bitterness, the sister of Lazarus and Mary, and probably the
eldest of the family, who all resided at Bethany (Luke 10:38,
40, 41; John 11:1-39). From the residence being called "her
house," some have supposed that she was a widow, and that her
brother and sister lodged with her. She seems to have been of an
anxious, bustling spirit, anxious to be helpful in providing the
best things for the Master's use, in contrast to the quiet
earnestness of Mary, who was more concerned to avail herself of
the opportunity of sitting at his feet and learning of him.
Afterwards at a supper given to Christ and his disciples in her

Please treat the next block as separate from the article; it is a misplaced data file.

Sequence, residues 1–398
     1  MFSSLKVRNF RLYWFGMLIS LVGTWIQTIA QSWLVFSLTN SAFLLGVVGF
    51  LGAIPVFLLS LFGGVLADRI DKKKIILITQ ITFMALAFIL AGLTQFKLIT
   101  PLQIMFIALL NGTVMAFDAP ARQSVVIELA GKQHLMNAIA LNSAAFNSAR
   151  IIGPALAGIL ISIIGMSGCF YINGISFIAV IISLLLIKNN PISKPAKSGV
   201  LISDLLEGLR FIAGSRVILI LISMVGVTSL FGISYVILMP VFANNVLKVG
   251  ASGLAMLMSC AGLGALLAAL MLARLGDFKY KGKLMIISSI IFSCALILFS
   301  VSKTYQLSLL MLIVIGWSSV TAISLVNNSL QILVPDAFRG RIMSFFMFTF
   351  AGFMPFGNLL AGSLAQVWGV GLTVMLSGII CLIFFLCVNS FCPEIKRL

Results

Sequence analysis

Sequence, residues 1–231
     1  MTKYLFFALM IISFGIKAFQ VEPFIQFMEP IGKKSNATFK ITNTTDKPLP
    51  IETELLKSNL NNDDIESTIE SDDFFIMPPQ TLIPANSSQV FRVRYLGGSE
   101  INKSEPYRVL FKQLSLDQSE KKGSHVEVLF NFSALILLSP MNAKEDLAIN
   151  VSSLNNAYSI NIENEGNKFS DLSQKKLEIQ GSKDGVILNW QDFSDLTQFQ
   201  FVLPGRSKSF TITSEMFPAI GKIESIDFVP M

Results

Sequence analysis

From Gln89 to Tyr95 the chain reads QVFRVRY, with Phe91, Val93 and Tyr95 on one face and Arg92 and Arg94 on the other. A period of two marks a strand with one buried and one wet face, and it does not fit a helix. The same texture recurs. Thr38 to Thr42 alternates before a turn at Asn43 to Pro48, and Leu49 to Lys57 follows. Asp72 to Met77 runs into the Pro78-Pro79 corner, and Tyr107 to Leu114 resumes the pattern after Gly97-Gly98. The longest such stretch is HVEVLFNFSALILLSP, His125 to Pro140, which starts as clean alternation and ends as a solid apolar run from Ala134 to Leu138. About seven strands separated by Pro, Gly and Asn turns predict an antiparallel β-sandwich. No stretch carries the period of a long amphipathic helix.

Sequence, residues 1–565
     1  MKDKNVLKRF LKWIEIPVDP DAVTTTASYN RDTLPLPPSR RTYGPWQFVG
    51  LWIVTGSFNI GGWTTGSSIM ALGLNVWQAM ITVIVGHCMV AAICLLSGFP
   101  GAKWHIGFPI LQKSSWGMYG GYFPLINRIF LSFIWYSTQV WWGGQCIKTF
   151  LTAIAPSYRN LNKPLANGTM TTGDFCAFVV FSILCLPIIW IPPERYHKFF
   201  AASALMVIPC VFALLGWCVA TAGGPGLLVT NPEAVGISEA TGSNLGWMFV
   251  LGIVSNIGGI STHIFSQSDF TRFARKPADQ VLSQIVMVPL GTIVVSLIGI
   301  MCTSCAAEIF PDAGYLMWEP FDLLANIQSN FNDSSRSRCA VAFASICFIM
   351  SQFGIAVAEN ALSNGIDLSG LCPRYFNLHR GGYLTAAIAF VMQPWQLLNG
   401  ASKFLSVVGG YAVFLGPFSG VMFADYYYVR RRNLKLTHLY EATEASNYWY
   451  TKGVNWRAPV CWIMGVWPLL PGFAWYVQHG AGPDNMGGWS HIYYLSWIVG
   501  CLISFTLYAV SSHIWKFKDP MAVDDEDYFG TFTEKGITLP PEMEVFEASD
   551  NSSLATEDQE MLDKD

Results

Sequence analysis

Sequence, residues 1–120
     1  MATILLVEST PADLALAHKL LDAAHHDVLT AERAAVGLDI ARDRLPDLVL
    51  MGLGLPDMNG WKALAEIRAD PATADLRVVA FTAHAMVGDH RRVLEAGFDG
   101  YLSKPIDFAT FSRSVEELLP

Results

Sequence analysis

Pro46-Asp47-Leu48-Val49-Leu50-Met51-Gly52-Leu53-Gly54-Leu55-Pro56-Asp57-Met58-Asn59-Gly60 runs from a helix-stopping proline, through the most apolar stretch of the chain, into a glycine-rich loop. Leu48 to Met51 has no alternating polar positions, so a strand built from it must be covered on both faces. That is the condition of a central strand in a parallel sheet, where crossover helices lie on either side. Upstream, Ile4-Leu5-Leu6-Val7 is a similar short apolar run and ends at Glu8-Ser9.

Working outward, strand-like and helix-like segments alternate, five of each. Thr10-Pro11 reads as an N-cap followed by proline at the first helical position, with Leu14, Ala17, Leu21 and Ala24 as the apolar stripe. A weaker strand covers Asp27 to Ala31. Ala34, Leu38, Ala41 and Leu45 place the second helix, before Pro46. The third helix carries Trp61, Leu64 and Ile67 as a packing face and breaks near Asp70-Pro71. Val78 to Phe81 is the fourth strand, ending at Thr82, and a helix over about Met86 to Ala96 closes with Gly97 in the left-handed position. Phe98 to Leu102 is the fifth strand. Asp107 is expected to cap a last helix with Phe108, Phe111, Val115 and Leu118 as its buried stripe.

house "Martha served." Nothing further is known of her.

"Mary and Martha are representatives of two orders of human
character. One was absorbed, preoccupied, abstracted; the other
was concentrated and single-hearted. Her own world was the all
of Martha; Christ was the first thought with Mary. To Martha
life was 'a succession of particular businesses;' to Mary life
'was rather the flow of one spirit.' Martha was Petrine, Mary
was Johannine. The one was a well-meaning, bustling busybody;
the other was a reverent disciple, a wistful listener." Paul had
such a picture as that of Martha in his mind when he spoke of
serving the Lord "without distraction" (1 Cor. 7:35).